Can a plaintiff-patentee withdraw a suit for patent infringement at will?

JSaiDeepakpicCan a patentee, after filing a suit for infringement and securing an interim injunction against the defendant, withdraw the suit at will? Interim orders after all, are granted only on a prima facie appreciation of the case and the result at the end of the trial could well be in favour of the defendant. Can the plaintiff therefore, be permitted to withdraw the suit at will without affording the defendant an opportunity to establish his case at trial? Also, since interim orders could have caused significant injury or loss to the defendant, can the defendant not legitimately expect restitution for the loss suffered by him? These questions are not answered by the Patents Act, 1970, but instead, require us to look into the Code of Civil Procedure, 1908 (“CPC”).

The relevant provisions of the CPC are Order 23, Rule 1 and Section 144. Order 23 of the CPC deals with ‘Withdrawal and Adjustment of Suits’.


Clearly, the plaintiff-patentee has the right to withdraw the suit at will, and there is nothing in the law that prevents him from doing so. The defendant however, is not without a remedy and can seek restitution of the costs incurred by him during the course of the litigation and as a consequence of it. Section 144 of the CPC provides for a remedy in such a situation.


Sub-section 1 of Section 144 provides for restitution when a decree or order undergoes variation or reversal in an appeal or revision or “any other proceeding”. The sub-section also envisages restitution upon setting aside or modification of the decree or the order passed in the first suit in a counter-claim or a counter-suit instituted for the purpose of setting aside or modifying the decree or the order in the first suit.

However, there is no express mention of whether or not such restitution is available in the event of withdrawal of a suit. That said, the provision is broad enough to accommodate such an eventuality since it refers to variation or reversal in “any other proceeding”, a phrase that captures the spirit of the provision to provide a remedy to a defendant who has suffered losses or costs as a consequence of the plaintiff’s suit.

When can an application for Section 144 be filed? Who can it be filed before?

Sub-section 1 of Section 144 answers both these questions. An application under Section 144 may be filed before the court which passed the decree or the order which was subsequently varied or reversed.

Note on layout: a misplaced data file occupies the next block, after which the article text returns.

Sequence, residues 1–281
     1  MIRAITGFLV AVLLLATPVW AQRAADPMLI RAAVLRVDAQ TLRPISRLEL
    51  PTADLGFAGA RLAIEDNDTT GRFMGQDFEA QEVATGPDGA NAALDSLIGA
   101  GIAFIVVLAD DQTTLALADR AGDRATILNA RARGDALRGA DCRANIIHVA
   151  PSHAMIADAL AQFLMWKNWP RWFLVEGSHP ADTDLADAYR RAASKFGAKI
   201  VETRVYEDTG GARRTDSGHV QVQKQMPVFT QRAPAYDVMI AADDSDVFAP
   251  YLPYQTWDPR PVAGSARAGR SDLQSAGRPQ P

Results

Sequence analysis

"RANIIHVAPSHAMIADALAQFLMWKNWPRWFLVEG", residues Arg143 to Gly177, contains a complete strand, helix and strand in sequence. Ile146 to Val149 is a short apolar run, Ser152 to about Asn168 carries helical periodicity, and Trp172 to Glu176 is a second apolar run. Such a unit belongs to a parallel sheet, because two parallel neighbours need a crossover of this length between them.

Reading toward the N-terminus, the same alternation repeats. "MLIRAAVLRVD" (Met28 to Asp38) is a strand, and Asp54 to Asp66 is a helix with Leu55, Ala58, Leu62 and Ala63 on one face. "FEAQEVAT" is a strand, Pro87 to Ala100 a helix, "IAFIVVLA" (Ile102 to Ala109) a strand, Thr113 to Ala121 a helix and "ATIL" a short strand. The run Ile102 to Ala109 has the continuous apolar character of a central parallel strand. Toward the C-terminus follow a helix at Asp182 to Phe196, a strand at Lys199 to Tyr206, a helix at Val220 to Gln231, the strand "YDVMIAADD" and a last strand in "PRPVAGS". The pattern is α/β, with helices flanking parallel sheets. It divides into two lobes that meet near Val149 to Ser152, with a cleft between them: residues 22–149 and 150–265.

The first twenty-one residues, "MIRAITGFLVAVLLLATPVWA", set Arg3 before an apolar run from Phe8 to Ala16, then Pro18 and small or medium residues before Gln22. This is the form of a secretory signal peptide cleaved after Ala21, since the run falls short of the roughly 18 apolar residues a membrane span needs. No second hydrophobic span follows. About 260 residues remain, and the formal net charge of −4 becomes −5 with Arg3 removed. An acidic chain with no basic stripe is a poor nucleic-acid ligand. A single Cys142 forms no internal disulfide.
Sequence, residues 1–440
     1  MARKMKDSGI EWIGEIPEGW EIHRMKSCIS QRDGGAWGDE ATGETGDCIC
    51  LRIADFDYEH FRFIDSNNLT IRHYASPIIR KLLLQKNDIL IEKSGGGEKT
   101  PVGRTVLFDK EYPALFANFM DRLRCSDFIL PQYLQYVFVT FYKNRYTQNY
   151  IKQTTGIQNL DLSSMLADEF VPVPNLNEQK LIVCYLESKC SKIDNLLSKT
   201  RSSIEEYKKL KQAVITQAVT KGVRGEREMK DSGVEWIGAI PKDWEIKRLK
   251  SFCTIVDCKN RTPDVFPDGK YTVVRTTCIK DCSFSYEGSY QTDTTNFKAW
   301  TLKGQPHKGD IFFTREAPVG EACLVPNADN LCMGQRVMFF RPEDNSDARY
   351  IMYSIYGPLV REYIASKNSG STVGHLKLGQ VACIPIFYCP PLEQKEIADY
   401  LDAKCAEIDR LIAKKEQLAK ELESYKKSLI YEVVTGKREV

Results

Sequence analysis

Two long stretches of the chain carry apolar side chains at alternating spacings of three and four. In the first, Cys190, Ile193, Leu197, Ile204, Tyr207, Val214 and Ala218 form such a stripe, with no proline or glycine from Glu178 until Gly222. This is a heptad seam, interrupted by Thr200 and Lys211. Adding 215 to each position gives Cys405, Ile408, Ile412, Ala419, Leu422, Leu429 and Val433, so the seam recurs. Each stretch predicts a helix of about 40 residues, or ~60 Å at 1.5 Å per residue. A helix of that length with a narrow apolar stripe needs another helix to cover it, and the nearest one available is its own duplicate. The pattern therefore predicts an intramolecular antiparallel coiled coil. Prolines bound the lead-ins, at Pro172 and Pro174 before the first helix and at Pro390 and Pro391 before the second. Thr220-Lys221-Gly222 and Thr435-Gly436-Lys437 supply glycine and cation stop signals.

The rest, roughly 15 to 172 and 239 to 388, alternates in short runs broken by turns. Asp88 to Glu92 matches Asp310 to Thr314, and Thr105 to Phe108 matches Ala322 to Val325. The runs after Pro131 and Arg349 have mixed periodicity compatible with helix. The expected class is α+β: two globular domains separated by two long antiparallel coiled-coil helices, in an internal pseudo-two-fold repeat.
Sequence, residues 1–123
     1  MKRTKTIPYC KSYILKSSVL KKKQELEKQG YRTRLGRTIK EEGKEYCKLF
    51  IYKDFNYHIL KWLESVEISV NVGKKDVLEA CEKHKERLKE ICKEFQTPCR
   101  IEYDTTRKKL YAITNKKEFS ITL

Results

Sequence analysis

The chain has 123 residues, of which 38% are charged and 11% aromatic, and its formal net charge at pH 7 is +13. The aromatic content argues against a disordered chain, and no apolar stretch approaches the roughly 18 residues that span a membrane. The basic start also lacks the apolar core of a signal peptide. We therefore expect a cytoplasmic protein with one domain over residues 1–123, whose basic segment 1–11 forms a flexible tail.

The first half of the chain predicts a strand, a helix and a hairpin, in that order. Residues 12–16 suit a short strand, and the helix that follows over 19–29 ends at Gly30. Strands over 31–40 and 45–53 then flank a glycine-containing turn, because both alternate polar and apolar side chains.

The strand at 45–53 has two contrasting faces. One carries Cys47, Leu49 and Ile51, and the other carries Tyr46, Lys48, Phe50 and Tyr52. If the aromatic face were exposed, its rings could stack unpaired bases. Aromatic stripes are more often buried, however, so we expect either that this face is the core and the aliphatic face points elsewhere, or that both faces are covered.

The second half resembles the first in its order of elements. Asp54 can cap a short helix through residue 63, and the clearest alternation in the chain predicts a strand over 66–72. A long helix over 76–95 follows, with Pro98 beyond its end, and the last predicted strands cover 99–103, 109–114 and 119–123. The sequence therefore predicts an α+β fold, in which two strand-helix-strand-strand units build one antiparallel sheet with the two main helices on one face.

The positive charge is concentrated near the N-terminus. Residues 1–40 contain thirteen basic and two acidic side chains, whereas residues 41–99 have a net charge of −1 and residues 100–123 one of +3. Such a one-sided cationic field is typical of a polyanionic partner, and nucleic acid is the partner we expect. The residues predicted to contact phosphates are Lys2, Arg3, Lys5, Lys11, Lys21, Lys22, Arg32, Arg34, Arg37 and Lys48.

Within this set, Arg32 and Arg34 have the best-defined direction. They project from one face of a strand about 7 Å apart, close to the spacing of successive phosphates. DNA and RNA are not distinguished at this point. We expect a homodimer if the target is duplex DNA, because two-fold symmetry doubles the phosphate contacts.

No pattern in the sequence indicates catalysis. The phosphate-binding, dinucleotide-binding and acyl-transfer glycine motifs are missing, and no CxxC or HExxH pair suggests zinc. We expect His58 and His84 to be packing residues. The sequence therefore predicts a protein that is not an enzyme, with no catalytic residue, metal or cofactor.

Such an application must naturally only be filed after such a variation or reversal of the decree or the order has happened. This also means that once the decree has been varied or reversed by an appellate court and rendered final, a stand-alone application under Section 144 may be moved before the court of first instance which had passed the original decree or order. Such an application would stand independent of the suit and the court shall hear it by virtue of being the court that passed the decree or the order.

A Calcutta High Court decision in Dilip Kumar Dey v. Vishwamitra Ram Kumar throws more light on Section 144.


Instead of an application under Section 144, can a counter-claim for damages or costs be instituted by the defendant? Sub-section 2 of Section 144 bars such a counter-suit:

(2) No suit shall be instituted for the purpose of obtaining any restitution or other relief which could be obtained by application under sub-section(1).

In summary therefore, although the plaintiff may withdraw the suit at will, the defendant is not without remedy to seek restitution, courtesy Section 144 of the CPC. An independent application can be filed, notwithstanding the withdrawal of the suit. Secondly, a remedy which may be sought under Section 144 cannot be sought by way of or as part of a counter-claim or a counter-suit.

(J. Sai Deepak, an engineer-turned-litigator, is a Senior Associate in the litigation team of Saikrishna & Associates. He is the founder of “The Demanding Mistress” blawg. All opinions expressed here are academic and personal.)